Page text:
Technical Communication in Boston – Hobart and William Smith Colleges \
The HWS Update

Technical Communication in Boston

Although she was a technical writing intern with Sea Street Technologies this summer, the writing duties were only the beginning for Dominique DeRubeis ’18.

Her first task at the Boston, Mass., office was to make minor changes to the company’s website, but over the course of the internship she went on to assist with the development of “an entirely new look and feel” for the site while “maintaining the system used by the company,” she explains.

“The most noticeable change to the website is the layout that emphasizes code samples, facilitates navigation, and refocuses content for Sea Street’s primary target audiences, including developers, customers and employees,” says the economics and computer science double major, who works on campus in Information Technology Services and the Office of Communications.

As an intern at Sea Street, DeRubeis tackled the same types of projects as full-time employees and experienced the challenges of developing technical publications in a professional environment. She honed her communication and computer skills as she developed document management for the company’s next release of StratOS, a cloud operating system for cable service providers. She designed eye-catching icons for applications and services; streamlined the company’s style guide to emphasize the technical terminology; and created standards for the layouts of each page in the documentation set.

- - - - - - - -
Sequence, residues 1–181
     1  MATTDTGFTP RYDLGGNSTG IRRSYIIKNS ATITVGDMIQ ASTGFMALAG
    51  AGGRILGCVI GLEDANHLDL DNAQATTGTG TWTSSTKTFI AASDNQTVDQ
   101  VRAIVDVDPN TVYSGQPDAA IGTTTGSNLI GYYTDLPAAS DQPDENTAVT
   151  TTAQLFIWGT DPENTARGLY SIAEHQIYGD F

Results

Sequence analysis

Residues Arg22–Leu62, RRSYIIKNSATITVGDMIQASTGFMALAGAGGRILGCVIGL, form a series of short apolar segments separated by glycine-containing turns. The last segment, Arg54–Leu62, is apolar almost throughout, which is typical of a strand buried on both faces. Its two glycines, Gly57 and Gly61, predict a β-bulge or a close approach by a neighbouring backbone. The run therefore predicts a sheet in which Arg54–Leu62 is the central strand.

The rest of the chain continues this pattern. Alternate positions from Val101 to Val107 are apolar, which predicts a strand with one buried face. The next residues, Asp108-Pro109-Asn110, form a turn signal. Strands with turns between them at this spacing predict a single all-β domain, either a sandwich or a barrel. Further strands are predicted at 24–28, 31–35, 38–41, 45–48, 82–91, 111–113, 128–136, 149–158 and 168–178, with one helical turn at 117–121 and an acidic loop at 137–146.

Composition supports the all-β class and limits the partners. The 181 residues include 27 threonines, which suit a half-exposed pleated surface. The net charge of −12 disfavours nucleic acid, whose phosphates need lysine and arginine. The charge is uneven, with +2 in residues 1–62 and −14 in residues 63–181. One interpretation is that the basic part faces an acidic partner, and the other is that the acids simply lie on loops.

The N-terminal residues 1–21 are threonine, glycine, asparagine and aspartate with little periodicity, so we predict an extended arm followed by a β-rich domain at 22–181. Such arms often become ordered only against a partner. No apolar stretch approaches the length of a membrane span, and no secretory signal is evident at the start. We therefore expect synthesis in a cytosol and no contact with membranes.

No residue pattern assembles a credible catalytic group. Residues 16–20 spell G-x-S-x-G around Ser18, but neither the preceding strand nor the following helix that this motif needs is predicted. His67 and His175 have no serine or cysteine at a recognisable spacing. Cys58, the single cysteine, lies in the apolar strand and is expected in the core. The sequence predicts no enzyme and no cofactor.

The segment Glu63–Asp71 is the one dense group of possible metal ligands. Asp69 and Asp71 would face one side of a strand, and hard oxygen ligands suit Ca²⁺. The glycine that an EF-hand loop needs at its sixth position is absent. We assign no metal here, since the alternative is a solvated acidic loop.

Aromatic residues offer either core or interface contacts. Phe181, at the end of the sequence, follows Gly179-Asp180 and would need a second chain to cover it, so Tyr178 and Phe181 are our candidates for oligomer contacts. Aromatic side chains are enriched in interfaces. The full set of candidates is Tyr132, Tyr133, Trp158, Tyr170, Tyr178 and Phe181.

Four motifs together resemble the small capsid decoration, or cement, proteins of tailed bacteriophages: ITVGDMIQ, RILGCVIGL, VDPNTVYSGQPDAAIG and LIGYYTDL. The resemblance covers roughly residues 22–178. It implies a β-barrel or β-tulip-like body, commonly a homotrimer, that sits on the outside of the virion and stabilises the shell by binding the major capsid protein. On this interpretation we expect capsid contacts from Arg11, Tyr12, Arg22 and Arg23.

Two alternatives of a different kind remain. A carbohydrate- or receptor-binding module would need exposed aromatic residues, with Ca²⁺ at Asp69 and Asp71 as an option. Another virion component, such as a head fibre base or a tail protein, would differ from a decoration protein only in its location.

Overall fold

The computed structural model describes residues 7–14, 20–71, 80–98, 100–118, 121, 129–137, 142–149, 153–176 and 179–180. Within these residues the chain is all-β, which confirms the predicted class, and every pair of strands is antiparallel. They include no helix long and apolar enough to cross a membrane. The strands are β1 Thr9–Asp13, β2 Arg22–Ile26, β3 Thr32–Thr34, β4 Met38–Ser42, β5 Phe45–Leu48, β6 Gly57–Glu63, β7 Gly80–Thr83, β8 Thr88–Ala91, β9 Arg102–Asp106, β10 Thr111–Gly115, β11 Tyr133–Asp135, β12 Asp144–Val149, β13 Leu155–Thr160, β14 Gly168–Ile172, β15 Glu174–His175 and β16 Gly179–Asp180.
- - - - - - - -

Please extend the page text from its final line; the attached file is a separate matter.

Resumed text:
As she experimented with the appearance of the website, she conducted a competitive analysis of other websites to understand best practices and common pitfalls in site navigation, design and organization. Beyond translating technical details into comprehensive, precise and digestible product documentation, DeRubeis helped create an information guide for customization and technical details of the StratOS wiki, the user-edited open-content system that “makes it unique.”

“Sea Street allowed me to have a technical internship while introducing me to lesser known fields that I wouldn’t have contact with otherwise,” DeRubeis says. “A technical writing position is every bit as engaging and important as those in engineering, and is inherently tied to the platform. Working on the product team was exciting and presented something new to learn about everyday.”

DeRubeis says funding from the Guaranteed Internship Program allowed her to participate in the valuable experience.

On campus, DeRubeis co-founded a student chapter of Peace Action New York State with Colleen Moore ’16, and served as the chapter’s vice president. This year, she will serve as the Peace Action HWS chapter leader and club president, coordinate the three Days of Service and serve on the Budget Allocations Committee.

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